treilly at adobe.com
Wed Jan 2 21:59:17 PST 2008
I just read the paper but it looks like a great allocator, I'll have to dig up the code next. jemalloc's size class variability probably makes it larger than what we're looking for. Like do we really need 2 and 4 byte size classes? Also TSLF handles small/large the same way, so no tree code to worry about. That said jemalloc's use of bitmaps probably makes it nicely suitable for adaptation as an automatic memory management library. If do my job right and make the vm support MMgc and my new TLSF based library there's no reason someone couldn't plugin a jemalloc based one (obviously there would quite a bit of additional work). If our "minimal" allocation libary performs poorly on the desktop there's no reason we couldn't use different allocators for different targets. jemallocs arena thread assocation concept maps directly to concept in our new library. Our new library also uses bitmaps and 2mb virtual regions.
There's also trade offs we're making that might not work well for other clients. For instance right now we support 8b to 16kb allocations using the same approach and either don't support larger allocations (think embedded device) or bail to direct to OS solution (ie mmap). The lot abstraction (which is allocator independent) plays a large role here obviously. We also have 8b of internal fragmentation per allocation which may be a problem, I think that can be brought down to 4b if we ditch DRC but we're not too worried about it because we also have taken steps in the VM to avoid lots of little allocations.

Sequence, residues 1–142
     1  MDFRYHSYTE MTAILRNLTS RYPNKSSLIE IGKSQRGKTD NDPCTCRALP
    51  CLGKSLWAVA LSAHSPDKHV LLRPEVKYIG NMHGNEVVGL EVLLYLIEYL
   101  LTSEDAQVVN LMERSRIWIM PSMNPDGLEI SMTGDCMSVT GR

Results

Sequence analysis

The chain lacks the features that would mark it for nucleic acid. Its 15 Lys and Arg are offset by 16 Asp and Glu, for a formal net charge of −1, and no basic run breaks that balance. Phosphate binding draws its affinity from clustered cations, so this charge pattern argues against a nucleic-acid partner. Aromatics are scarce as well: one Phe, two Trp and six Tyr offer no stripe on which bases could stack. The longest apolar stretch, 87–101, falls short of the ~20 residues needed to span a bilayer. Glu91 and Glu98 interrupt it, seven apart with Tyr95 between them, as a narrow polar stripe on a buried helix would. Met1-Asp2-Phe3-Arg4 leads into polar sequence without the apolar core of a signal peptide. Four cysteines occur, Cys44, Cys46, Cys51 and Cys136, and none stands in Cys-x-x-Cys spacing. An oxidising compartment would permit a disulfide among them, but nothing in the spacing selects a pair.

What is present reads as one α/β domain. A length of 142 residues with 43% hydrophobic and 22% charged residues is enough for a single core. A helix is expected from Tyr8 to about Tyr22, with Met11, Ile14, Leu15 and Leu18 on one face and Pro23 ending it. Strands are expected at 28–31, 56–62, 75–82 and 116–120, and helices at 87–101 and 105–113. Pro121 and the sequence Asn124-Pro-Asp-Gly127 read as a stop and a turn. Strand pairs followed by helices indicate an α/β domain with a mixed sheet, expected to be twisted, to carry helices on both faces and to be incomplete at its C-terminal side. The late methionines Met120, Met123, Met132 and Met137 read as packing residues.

I'm wondering what those pretty pictures are showing exactly, do they capture internal and external fragmentation?
From: tamarin-devel-bounces at mozilla.org on behalf of Thomas Reilly
Sent: Fri 12/21/2007 1:36 PM
To: Stuart Parmenter; Benjamin Smedberg
Cc: tamarin-devel at mozilla.org
Subject: RE: space management
I'll do some research on jemalloc and respond with my thoughts.
From: Stuart Parmenter [mailto:pavlov at pavlov.net]
Sent: Fri 12/21/2007 10:02 AM
To: Benjamin Smedberg
Cc: Thomas Reilly; tamarin-devel at mozilla.org
Subject: Re: space management
Every time Benjamin said tcmalloc read jemalloc. tcmalloc's numbers
didn't look all that great. We're in the process of switching all of
Mozilla over to jemalloc for Gecko 1.9 and I'd like to figure out how we
can continue to take full advantage of it in the Mozilla 2 world. I'm
somewhat concerned about splitting up our heaps and worsening our
fragmentation on each one.
Benjamin Smedberg wrote:
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> Thomas Reilly wrote:
>> Part of our tamarin-tracing effort has been to re-evaluate MMgc.
>> There's ascpects of MMgc's design that we knew right off the bat would
>> make it non-ideal for embedded devices. We have a prototype in shop
>> to replace MMgc and I wanted to see what the folks who care about
>> space management think about it.
> I need to read this proposal more throughly before responding in detail,
> which will have to wait until January. ActionMonkey is in a state where we
> could prove real measurement of alternate allocators on a medium scale, but
> the XPCOMGC experiment is not ready for the really large-scale testing that
> we'll need to cover the "all of mozilla" case.
>> First, the problems with MMgc:
>> We don't think the 4kb block architecture is suitable for embedded
>> devices. The size class (40) X memory type (3) model leads to pretty
>> large base level heaps even for trivial applications. Running in a
>> fixed 128kb heap environment is never gonna happen with that model.
> Is this the stated goal? Mozilla's mobile targets are a 64MB device, which
> provides a heap significantly larger than 128k. I wonder if we will end up